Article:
As diplomacy, alongside the wider world of politics, becomes more available for scrutiny, he explores the geopolitical impacts this could have, and tries to imagine the (heavily digital) life of a diplomat a decade from now. We are treated to a brief history of diplomacy, where he laments the penny-pinching modern diplomatic service, wistfully recalling the days when alliances were forged between nations over copious amounts of alcohol. There is also a gentle regret over the modern influence of the media and its ability to undermine official diplomatic proceedings. Churchill never had to stand for this, seems to be his constant gripe.
Next, he looks to our tech-centric future. ‘Let’s be in no doubt,’ he writes. ‘The coinage of global politics is now digital.’ He predicts a revolutionary overhaul of how governments operate, with technology making them more efficient, faster, and utilising a volume of data about their citizens that past world leaders could never have imagined. With Assange and Snowden breaking taboos regarding the public consumption of classified documents, it’s a revolutionary time for the transparency of government data, and it’s hard to predict where it will end. Fletcher encourages the concept of so-called ‘citizen diplomats’, whose usage of the internet to spread a country’s message he sees as revolutionarily as the printing press was centuries ago. The next generation of diplomats will need to understand this seismic shift, he claims, or else risk falling behind the times.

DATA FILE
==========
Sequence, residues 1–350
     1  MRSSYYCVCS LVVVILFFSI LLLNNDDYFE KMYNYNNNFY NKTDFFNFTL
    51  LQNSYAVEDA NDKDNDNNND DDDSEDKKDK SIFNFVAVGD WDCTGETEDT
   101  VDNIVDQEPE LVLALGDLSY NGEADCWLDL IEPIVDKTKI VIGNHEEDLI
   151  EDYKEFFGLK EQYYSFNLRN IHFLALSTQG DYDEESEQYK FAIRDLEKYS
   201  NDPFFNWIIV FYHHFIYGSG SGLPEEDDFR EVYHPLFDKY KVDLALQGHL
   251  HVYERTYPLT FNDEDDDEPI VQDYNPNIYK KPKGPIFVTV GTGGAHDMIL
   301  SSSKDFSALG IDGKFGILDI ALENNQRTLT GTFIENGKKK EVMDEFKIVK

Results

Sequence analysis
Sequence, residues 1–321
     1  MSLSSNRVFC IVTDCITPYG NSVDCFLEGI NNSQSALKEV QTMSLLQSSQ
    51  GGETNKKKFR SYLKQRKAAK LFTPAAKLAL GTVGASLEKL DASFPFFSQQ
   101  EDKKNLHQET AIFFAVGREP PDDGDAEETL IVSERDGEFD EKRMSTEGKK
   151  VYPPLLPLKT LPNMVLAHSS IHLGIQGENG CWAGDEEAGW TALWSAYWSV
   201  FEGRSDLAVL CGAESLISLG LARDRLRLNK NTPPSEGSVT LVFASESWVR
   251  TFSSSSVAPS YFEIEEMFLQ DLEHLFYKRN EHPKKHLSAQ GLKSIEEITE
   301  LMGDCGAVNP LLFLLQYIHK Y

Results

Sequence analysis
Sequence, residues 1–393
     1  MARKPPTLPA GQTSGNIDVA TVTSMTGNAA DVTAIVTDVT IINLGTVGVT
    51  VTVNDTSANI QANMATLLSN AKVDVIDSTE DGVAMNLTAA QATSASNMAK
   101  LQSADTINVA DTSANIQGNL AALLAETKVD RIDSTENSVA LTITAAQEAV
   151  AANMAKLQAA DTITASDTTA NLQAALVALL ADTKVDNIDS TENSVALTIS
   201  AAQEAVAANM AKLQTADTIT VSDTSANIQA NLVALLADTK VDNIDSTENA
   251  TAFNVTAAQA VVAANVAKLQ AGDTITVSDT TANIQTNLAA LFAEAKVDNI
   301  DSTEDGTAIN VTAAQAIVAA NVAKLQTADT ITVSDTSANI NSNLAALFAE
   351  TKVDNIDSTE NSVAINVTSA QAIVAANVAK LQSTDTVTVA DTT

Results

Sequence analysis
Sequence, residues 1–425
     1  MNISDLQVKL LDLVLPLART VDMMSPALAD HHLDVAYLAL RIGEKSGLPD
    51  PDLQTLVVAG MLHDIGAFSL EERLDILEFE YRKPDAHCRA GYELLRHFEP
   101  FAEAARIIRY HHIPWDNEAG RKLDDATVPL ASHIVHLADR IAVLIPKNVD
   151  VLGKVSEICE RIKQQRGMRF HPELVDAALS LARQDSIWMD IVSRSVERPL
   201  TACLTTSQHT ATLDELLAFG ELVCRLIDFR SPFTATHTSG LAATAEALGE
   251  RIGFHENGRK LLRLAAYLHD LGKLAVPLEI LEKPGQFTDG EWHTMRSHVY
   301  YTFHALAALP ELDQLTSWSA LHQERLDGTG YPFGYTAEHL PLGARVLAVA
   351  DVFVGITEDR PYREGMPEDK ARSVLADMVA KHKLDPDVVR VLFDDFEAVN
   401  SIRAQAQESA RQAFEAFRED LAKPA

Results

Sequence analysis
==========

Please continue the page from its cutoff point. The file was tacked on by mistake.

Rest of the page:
This review was published in the November 2016 edition of Geographical magazine.